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I'd walked down to Ground Zero about April and several of the structures were well into the process of sprouting up, with 1 World Trade about half of what is written for July in wiki below. Yesterday, going down 6th Avenue, I saw that it really was filling in the space left empty by the terrorist attacks 9 years ago, and by the time I got upstairs to my 5th floor apt., I was even able to see 2 storeys or so going up to the sky: You can't see from my place the surrounding WorldFinancial Center buildings which were not destroyed, like Amex and Merrill Lynch --or what used to be Merrill Lynch, may still be--and never could, so this was pretty exciting to me.

Here's what wiki says about the progress of the building:

"As of July 2010, 1 WTC's steel superstructure is 340 feet above ground and is on floor 32 and concrete installation is on floors 26 and 27. As of September 10th 2010, One World Trade Center has risen to 38 stories, becoming part of the skyline of New York."

Here's the whole wiki entry if you want to know more about it:


As I mentioned in another thread recently, 7 World Trade Center was completed in 2006:

"The name "7 World Trade Center" has referred to two buildings: the original structure, completed in 1987, and the current structure. The original building was destroyed on September 11, 2001, and replaced with the new 7 World Trade Center, which opened in 2006. Both buildings were developed by Larry Silverstein, who holds a ground lease for the site from the Port Authority of New York and New Jersey."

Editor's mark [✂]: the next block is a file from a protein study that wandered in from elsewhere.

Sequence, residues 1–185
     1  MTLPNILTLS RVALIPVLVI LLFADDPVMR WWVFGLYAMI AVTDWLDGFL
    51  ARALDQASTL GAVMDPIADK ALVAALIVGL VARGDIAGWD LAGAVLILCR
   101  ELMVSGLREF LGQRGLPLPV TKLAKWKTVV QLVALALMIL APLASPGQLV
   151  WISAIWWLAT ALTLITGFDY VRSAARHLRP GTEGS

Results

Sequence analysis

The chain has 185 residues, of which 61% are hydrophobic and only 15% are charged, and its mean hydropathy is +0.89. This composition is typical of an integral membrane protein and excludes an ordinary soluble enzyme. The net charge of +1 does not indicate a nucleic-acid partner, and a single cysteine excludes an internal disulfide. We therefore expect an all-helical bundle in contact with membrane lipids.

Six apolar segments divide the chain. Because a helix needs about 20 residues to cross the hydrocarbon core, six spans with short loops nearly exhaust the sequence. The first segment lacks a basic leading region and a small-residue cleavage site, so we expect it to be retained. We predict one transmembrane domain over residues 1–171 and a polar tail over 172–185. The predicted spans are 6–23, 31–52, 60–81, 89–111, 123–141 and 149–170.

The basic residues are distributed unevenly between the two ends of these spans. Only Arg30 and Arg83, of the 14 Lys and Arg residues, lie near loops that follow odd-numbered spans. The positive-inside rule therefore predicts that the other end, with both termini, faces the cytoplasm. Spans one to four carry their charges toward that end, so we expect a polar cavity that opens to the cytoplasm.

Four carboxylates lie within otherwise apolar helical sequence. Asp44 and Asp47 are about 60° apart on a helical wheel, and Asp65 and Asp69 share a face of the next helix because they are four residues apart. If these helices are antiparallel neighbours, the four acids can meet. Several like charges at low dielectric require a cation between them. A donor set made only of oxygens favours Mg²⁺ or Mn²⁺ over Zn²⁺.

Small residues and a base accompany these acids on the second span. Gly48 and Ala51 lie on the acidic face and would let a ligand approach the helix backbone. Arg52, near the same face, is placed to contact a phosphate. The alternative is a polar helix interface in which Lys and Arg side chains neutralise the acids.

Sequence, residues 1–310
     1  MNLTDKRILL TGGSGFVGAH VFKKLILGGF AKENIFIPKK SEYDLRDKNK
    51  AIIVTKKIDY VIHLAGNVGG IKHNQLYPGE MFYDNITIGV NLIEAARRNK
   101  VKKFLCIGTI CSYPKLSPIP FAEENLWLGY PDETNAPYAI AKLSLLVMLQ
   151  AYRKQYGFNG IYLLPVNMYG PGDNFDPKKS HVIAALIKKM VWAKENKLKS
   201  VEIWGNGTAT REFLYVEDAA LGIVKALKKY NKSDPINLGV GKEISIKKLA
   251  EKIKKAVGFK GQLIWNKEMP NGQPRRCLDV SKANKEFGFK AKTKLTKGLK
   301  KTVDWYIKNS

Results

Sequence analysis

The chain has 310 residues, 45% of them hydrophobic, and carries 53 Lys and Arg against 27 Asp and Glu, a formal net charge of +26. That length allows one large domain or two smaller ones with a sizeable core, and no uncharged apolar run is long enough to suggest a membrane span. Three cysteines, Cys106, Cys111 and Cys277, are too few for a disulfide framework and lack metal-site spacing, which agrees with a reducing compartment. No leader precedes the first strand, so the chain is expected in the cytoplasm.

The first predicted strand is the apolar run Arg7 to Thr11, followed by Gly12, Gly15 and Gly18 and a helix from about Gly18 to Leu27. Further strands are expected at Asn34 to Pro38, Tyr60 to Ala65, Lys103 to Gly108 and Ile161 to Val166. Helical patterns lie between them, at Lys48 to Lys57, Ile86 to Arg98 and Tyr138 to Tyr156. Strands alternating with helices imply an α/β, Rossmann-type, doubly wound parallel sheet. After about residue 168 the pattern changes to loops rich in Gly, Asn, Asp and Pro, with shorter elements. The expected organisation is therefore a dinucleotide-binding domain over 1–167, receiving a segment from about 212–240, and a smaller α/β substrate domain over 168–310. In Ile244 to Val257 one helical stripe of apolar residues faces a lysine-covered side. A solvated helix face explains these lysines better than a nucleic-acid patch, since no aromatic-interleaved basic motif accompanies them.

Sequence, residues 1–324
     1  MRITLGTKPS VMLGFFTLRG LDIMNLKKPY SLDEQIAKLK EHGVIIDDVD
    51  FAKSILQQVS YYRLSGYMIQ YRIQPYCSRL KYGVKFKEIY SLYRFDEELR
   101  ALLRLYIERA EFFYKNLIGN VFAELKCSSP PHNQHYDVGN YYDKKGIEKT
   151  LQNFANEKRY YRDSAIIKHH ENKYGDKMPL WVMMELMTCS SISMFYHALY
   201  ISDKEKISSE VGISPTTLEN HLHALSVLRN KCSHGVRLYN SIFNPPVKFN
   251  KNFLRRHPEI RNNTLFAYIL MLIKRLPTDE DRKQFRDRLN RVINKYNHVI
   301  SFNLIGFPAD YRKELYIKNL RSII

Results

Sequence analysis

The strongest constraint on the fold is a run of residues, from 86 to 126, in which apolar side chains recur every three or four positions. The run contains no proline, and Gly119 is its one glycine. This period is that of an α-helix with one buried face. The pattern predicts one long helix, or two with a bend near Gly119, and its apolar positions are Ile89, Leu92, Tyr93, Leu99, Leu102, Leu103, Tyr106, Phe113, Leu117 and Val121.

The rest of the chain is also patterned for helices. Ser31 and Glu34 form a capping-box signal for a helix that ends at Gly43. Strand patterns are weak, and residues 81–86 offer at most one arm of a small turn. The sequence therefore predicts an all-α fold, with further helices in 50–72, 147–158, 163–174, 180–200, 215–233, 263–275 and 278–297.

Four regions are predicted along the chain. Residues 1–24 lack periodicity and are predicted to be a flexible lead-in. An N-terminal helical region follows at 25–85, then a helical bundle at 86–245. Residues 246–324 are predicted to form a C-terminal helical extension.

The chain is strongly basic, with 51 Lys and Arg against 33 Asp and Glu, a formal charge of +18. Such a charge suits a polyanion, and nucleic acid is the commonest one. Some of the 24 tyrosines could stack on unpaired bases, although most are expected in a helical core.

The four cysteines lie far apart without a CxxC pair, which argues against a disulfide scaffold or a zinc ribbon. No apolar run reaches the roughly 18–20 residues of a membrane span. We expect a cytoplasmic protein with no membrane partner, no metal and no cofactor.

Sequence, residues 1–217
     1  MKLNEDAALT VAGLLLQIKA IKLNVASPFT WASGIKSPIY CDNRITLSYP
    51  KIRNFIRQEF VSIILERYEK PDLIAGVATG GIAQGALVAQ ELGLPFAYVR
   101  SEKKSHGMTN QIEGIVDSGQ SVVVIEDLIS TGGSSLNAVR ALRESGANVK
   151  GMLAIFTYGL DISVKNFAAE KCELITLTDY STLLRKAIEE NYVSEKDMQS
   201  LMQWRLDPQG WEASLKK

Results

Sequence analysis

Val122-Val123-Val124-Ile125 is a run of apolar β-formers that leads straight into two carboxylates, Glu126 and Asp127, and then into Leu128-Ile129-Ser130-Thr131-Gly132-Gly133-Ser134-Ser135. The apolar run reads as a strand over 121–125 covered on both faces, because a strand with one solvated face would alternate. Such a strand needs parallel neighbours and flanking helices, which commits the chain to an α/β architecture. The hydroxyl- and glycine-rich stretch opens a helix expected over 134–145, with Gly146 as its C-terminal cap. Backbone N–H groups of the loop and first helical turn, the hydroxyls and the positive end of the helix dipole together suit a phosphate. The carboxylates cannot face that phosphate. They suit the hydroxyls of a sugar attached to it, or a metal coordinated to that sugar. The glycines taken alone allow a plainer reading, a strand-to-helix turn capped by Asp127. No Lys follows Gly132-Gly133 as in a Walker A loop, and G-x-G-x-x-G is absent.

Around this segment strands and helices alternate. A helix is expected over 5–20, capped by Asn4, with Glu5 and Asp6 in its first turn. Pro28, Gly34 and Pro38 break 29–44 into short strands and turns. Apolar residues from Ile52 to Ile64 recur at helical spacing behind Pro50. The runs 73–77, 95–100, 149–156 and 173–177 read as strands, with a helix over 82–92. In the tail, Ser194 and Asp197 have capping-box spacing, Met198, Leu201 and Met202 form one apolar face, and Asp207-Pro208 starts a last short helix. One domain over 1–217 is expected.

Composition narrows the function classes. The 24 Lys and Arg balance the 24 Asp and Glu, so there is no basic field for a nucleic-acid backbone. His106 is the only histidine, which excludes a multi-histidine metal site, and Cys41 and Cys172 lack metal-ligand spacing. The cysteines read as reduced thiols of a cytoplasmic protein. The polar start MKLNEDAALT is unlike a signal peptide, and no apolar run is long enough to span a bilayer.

With these facts in mind, it is particularly disconcerting that Frank Rich would have written the following in his Aug. 22 op-ed in the NYTimes:

"Though many of these ground-zero watchdogs partied at the 2004 G.O.P. convention in New York exploiting 9/11, none of them protested that a fellow Republican, the former New York governor George Pataki, so bollixed up the management of the World Trade Center site that nine years on it still lacks any finished buildings, let alone a permanent memorial."

I am especially disappointed in such sloppiness, by himself, a New Yorker, and editors who could possibly let such common knowledge pass for rhetorical purposes--because I tend to be mostly on his side of political and social issues, usually think he's got the right idea on most things. This is the kind of thing he usually accuses the other side of 'covering over', and I usually think he's right about that. But to read this without knowing, you would not have any idea that the, indeed long stalemate with Silverstein, Liebeskind, et alia, had really been broken. I already mentioned that it's unbelievable that he would have said that 'it still lacks any finished buildings', but that it's also so misleading about the rapid clip at which 1 World Trade (a much more important building than 7 World Trade) is going up, seems even worse. During this decade, it really seemed as though nothing would ever happen there, that they'd just fight forever. But I do seem to be losing faith in the New York Times, at long last--if they can allow this, then anybody can.

Okay, I'll probably get down there to get another look in a few days. Any other New Yorkers visited the site, keeping up with the movements, etc.?